For displaced Venezuelans, regularization is the key to building productive lives
Far-reaching regularization schemes in Colombia and Ecuador are providing a lifeline to Venezuelan refugees and migrants who long to become self-sufficient.
In the little house where María Jose Mercado and José Soto live with their three kids in the Ecuadorian border town of Ibarra, the line between work and home life is a blurry one.
The Venezuelan couple, who left their country two years ago amid food and medicine shortages and a deepening political, economic and human rights crisis, have turned their rental into a workspace where mom, dad and sometimes even the kids play a part in earning the family’s living.
José, who worked as an artist back home, paints on the canvases that María José builds and stretches, while the couple’s kids, ages 11, 6, and 5, sometimes contribute a few brushstrokes. The family sells the finished products at local markets, but their irregular status has kept them from taking their business to the next level.
“Regularization is vital – it’s what we need to find stability and calm,” said María José, 28, adding that without it they are unable to obtain the tax number they would need to sell their paintings to shops. “It would also help my children. They’re in school, but they need to have an ID in order to get their diplomas.”
Artistic Venezuelan family finds hope in regularization (Jaime Gimenez, Producer; Camera, Sebastian Narvaez and Gabriel Calderón; Diana Díaz, editor)
María José’s dreams of regularization are about to come true. Ecuador recently announced a plan to extend regular status to the nearly 50 per cent of the 430,000 Venezuelan refugees and migrants in the country who currently do not have it, according to an estimate by the interagency platform for Venezuelan refugees and migrants. The plan will not only remove practical barriers to access basic services like health care and education, which are already granted regardless of status, it will also remove barriers to entrepreneurship and provide a doorway to full inclusion.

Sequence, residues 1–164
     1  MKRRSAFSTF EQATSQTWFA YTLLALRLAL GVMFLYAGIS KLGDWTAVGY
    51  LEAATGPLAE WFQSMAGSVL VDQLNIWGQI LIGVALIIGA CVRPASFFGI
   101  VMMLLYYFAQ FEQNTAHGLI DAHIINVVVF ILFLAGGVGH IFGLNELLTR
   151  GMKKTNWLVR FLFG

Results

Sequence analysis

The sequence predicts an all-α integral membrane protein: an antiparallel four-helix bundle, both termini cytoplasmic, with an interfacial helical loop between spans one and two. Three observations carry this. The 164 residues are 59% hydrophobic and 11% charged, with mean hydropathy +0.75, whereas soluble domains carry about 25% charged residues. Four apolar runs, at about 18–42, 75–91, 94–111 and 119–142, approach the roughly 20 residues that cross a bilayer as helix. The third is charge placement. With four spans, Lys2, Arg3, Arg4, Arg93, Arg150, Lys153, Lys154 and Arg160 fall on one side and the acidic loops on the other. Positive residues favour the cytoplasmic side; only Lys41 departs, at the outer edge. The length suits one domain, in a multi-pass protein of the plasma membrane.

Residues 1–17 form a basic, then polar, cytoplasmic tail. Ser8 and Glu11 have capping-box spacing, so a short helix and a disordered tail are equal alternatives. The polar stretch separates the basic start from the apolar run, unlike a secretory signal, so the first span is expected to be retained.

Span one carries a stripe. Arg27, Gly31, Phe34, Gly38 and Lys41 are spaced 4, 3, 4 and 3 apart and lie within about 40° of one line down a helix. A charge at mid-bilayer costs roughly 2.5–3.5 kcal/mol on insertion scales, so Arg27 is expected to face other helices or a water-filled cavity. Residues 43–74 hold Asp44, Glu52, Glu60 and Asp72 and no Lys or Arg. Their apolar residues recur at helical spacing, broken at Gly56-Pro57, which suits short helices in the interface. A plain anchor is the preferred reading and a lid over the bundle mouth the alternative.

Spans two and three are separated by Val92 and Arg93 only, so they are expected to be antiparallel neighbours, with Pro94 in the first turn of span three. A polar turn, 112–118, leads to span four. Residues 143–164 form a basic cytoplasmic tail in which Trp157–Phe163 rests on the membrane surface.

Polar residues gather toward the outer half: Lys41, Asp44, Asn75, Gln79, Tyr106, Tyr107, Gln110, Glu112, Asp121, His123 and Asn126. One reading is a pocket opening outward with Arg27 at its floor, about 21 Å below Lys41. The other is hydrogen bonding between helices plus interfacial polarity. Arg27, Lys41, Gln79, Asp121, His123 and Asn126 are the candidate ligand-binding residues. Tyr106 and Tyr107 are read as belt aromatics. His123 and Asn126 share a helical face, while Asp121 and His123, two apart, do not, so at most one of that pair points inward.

In neighbouring Colombia, a recently-started similar process will give Temporary Protected Status (TPS) to many of the 1.7 million Venezuelans in the country.
"Without the proper documentation, we are rejected."
For Yohana Bracamonte, a 37-year-old mother of five who spirited her brood to the Colombian city of Barranquilla nearly five years ago, the TPS will mean her children, who have been out of school since they left Venezuela, will be able to get the education they need to make better futures for themselves. She also hopes it will bring her relief from chronic pain. Yohana suffers from ovarian cysts that require a surgery which, without proper documentation, she’s been unable to get.
“Regularizing our stay in Colombia is very important because we can hardly access anything without it…. medical attention, education, employment,” said Yohana, who, unable to work legally, makes ends meet by searching the trash for recyclables that she sells. “Without the proper documentation, we are rejected.”
During a recent trip to the region that included visits to Panama, Colombia and Ecuador, UN High Commissioner for Refugees Filippo Grandi praised efforts to regularize displaced Venezuelans, saying “despite the pandemic and many other challenges, we have seen positive steps toward inclusion and solutions.”
At an event in the Colombian capital, Bogotá, marking World Refugee Day on 20 June, Grandi described the government’s decision to implement the TPS as “visionary, an example of humanism and pragmatism.” Grandi also hailed similar efforts in Ecuador, Peru and the Dominican Republic.
“Through regularization, access to fundamental rights is guaranteed,” he said. “These various initiatives, which together could benefit up to 3 million Venezuelans, should serve as a model of solidarity and refugee inclusion on a global level.”
Grandi stressed that regularization brings benefits not only to displaced people themselves but also to the host communities where they seek safety.
“We bring our knowledge with us,” said María José, the Venezuelan mother in Ibarra, adding that back in Venezuela she worked as an elementary school teacher and “would like to give back” to her host community by working in her chosen field.
Her husband echoed her sentiments.
“We are bringing our knowledge to Ecuador and also learning new things from the country,” said José, whose painting business was given a boost by a programme implemented by UNHCR and its partner HIAS that provides would-be entrepreneurs with seed capital and business advice.
“If we are able to return to our country, Venezuela, we will take with us what we have learned here.”